The words are blurred on the screen as I type.
This is not the way I intended to start the New Year. At all.
In my mind I saw my home all organized, Christmas neatly put away, my blog plans all organized and my goals neatly written. I saw hot cinnamon rolls oozing sugary goodness on the table as my family sat smiling and ready to greet 2015. I saw New Year’s eve with my husband laughing as we munched on snacks and hoped that our neighbors would keep their own celebrations to a dull roar.
I didn’t envision it this way at all.
But discouragement and guilt have piled on my shoulders until I can barely walk. Exhaustion has taken over my body, laundry is piled in the bathroom, toys are scattered all over the floor, dishes litter the kitchen counters, and my kids have watched way too much T.V.
I curse my 20-year old flippant attitude of health, because poor decisions in my youth have brought me to a place of chronic fatigue and adrenal glands deprived of the cortisol necessary to face this moment when my entire family is battling a virus that has hung on for a week.
Yes, I know. Every family battles viruses. Every mom must pull graveyard for days on end to nurse her family back to health. Even when she is also feeling ill.
And that fact is why I have beaten myself up for days telling myself “Suck it up, lazy!”
But today I hit the wall of desperation as I unsuccessfully tried to get my three year old to nap. As I laid there rubbing his back for 2 1/2 hours (I almost typed years – because it really felt that long), I watched as my own desire to nap seeped away like sand between my fingers.
Tears came to my eyes as I realized: yet another day when I will have to suck it up, yet another night when I will tend to my sick babies who need me, yet another day when my body will lack the rest it needs to get well.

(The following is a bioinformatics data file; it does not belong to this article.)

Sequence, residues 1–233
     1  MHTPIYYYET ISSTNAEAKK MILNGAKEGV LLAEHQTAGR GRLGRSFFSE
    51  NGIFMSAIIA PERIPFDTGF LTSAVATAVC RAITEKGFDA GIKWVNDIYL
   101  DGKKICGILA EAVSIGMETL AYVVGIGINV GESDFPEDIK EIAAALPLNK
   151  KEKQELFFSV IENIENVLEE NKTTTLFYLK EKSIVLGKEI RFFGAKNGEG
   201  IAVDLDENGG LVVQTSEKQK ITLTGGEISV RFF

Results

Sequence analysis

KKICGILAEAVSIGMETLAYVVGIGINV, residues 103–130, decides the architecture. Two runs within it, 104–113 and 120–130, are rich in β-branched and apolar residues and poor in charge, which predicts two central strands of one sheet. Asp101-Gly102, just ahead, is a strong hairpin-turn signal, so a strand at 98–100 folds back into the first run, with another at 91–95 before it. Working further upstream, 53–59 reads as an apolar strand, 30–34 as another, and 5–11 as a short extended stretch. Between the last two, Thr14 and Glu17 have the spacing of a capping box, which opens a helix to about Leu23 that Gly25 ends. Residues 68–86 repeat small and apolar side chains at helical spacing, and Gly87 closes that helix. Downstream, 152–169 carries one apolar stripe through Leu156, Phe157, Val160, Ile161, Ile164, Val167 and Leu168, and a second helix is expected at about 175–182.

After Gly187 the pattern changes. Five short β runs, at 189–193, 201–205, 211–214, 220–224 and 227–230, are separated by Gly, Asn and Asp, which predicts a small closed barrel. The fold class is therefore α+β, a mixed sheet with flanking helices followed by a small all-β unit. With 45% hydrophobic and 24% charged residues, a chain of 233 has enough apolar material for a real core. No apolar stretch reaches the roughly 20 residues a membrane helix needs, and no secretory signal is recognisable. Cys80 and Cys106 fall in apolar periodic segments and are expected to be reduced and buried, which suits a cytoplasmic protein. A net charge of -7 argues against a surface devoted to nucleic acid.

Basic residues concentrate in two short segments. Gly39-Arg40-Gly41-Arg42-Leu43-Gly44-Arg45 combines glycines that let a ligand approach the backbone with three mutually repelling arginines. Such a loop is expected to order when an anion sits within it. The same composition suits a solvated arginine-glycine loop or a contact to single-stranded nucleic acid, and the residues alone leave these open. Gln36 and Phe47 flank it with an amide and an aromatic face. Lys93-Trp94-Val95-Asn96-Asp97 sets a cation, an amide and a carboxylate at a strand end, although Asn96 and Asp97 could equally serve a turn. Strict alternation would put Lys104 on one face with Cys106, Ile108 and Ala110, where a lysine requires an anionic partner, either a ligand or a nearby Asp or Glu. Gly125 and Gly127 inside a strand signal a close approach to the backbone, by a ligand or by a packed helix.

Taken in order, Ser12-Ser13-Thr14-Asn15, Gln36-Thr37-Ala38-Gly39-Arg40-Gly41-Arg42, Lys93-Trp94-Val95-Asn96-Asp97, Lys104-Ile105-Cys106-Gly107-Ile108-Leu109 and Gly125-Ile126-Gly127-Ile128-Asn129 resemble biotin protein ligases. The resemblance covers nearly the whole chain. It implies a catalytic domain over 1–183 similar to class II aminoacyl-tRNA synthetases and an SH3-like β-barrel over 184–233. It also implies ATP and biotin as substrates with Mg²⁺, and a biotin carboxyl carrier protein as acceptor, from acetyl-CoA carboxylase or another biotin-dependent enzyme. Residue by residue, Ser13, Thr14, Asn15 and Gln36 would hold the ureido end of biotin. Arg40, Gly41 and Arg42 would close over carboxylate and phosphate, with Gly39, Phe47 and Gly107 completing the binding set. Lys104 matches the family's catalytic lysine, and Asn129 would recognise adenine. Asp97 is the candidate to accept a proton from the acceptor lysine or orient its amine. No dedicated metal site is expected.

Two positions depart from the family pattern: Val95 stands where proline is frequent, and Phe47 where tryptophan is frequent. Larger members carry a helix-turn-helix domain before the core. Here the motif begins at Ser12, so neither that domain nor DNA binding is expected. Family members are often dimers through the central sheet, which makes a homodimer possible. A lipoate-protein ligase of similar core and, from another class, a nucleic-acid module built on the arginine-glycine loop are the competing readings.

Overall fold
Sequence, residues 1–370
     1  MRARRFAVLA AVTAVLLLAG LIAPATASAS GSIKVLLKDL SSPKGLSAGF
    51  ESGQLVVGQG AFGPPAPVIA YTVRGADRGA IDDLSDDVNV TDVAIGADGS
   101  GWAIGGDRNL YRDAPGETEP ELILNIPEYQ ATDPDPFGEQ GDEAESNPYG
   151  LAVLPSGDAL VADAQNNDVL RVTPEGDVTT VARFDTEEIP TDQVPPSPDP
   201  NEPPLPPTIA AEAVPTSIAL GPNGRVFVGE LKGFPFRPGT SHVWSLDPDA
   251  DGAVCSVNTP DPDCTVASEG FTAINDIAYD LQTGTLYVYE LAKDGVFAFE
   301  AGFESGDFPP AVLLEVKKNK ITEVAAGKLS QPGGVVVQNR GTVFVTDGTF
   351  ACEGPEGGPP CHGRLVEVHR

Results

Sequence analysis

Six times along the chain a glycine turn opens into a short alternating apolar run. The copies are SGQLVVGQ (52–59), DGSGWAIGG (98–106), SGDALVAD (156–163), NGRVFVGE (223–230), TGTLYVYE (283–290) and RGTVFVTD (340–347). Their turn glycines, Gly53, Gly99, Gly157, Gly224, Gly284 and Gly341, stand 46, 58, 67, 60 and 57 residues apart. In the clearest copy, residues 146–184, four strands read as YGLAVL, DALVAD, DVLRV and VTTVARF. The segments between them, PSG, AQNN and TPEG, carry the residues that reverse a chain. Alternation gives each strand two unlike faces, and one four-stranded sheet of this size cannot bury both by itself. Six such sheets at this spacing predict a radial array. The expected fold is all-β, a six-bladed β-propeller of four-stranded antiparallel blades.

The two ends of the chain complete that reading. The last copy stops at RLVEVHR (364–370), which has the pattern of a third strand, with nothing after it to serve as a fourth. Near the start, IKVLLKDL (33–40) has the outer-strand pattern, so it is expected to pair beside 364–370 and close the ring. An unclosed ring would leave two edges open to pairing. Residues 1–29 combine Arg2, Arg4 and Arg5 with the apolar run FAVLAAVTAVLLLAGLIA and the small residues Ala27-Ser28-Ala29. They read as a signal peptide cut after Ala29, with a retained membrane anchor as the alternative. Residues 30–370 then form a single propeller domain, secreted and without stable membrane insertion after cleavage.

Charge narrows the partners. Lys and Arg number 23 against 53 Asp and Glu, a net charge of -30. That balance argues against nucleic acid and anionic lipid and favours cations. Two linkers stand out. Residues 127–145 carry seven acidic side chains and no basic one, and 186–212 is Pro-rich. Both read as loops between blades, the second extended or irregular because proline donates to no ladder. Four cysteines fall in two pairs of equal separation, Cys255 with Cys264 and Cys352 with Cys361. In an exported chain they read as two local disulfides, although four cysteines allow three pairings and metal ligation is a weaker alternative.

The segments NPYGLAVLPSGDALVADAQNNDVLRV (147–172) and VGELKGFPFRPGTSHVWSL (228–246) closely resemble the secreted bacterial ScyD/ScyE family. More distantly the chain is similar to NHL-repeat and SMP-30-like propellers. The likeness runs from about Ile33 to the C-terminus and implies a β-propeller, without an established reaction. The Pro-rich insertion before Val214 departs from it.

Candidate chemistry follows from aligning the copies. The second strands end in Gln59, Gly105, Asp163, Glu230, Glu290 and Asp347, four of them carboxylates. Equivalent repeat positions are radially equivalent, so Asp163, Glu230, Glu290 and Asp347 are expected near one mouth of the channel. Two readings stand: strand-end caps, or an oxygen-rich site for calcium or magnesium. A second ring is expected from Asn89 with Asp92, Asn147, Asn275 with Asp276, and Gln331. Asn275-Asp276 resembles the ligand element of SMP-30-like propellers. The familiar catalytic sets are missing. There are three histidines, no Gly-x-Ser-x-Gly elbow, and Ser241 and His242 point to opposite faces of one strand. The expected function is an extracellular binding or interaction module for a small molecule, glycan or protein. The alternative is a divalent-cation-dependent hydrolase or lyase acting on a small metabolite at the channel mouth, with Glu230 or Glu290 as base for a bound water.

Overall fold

My own lack of good health makes it harder for me to recover. If only I could rewind time and make better choices so that I could be the wife and my mother my family needs.
…but if onlys are no consolation to me now.
And why am I pouring all of this out?
This is likely the most depressing post I’ve ever written.
Because…well, one reason is because my blogging besties urged me to open up about my struggles with motherhood. My struggles with fatigue. My struggles with the desperation that chokes me until I can barely breathe.
Because I know there are other moms out there who are facing the same scenario, who have no one to help, who have no one to call to take the kids for a day, who have no one nearby who can come and assist them while they grab an hour of much-needed rest.
Because there are other moms out there who tell themselves to “suck it up” and call themselves lazy.
Because there are other moms out there who mother while battling chronic illnesses that make a tough job even tougher.
As moms of young kids who face these times of discouragement and exhaustion there are three things we do not need to hear.
We do not need to hear:
1. “Every mom goes through that.” We know that already. This phrase is a thinly veiled response that reads, “Get over it. Why should motherhood be any easier for you than it was for the rest of us.”